The cosmic rays originating from the Sun collide with nuclei in the upper atmosphere and are capable of breaking off individual neutrons.
Willard Libby (1908–1980), a professor of chemistry at the University of Chicago, began the research that led him to radiocarbon dating in 1945.
He was inspired by physicist Serge Korff (1906–1989) of New York University, who in 1939 discovered that neutrons were produced during the bombardment of the atmosphere by cosmic rays.
Various geologic, atmospheric and solar processes can influence atmospheric carbon-14 levels.
Since the 1960s, scientists have started accounting for the variations by calibrating the clock against the known ages of tree rings.
One naturally assumes that the cosmic bombardment responsible for this transmutation remains constant over the millennia.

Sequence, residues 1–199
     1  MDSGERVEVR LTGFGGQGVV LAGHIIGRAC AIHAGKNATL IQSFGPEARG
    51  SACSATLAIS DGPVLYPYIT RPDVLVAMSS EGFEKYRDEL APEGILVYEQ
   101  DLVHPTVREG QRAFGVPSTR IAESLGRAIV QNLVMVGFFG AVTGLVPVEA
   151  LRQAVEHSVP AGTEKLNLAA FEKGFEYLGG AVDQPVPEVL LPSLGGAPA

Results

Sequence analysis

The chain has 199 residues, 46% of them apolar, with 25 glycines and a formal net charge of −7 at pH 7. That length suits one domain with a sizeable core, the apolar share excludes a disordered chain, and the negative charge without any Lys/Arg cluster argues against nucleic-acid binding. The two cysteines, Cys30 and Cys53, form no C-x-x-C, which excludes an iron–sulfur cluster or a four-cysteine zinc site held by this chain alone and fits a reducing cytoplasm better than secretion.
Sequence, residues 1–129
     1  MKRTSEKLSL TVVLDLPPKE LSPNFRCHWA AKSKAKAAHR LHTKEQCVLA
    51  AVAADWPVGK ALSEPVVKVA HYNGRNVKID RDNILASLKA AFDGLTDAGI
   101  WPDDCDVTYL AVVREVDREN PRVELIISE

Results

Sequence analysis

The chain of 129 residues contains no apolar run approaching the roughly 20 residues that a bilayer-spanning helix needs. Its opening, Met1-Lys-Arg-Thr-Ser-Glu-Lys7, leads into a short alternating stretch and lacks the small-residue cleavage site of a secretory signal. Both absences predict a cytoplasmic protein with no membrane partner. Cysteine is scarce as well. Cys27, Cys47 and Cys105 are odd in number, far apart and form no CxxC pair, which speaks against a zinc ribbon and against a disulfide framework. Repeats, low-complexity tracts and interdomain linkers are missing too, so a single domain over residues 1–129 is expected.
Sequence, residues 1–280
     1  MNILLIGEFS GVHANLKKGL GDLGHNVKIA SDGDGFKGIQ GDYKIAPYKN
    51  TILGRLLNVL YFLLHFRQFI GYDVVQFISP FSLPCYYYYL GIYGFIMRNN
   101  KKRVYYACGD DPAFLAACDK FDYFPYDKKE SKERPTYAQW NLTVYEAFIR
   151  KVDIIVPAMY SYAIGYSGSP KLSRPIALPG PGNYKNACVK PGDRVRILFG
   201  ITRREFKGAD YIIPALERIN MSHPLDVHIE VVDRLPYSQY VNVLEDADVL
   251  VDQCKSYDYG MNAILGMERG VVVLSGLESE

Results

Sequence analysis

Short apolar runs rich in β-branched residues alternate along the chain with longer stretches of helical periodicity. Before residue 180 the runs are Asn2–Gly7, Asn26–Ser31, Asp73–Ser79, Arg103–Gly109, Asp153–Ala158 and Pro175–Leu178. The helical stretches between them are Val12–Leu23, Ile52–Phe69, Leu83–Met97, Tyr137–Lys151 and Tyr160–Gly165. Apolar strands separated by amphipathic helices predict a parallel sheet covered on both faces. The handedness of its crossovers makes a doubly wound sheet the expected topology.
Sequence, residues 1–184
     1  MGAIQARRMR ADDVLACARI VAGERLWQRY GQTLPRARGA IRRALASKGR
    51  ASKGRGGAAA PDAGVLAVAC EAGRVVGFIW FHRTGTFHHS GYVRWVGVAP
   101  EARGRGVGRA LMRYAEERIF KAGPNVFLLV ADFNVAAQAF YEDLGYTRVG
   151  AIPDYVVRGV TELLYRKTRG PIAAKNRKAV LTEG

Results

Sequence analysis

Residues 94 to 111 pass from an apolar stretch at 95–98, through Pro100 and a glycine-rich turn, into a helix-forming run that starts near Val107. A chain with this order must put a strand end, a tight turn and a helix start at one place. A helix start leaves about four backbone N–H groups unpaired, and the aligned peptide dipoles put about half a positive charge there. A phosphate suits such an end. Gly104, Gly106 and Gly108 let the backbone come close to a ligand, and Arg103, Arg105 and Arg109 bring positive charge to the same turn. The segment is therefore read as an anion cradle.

The rate of cosmic rays which hit the Earth depends on two very slowly changing factors: the solar activity and the Earth's magnetic field.
But what's interesting is that a small fraction of carbon-14 forms, and then this carbon-14 can then also combine with oxygen to form carbon dioxide.
And carbon-14 is constantly doing this decay thing. So over the course of 5,730 years, roughly half of them will have decayed. Well, if you know that all living things have a certain proportion of carbon-14 in their tissue, as kind of part of what makes them up, and then if you were to find some bone-- let's just say find some bone right here that you dig it up on some type of archaeology dig.
This latter serves as a shield against all cosmic radiation - when its strength goes down, the bombardment increases, as does the number of carbon 14 atoms.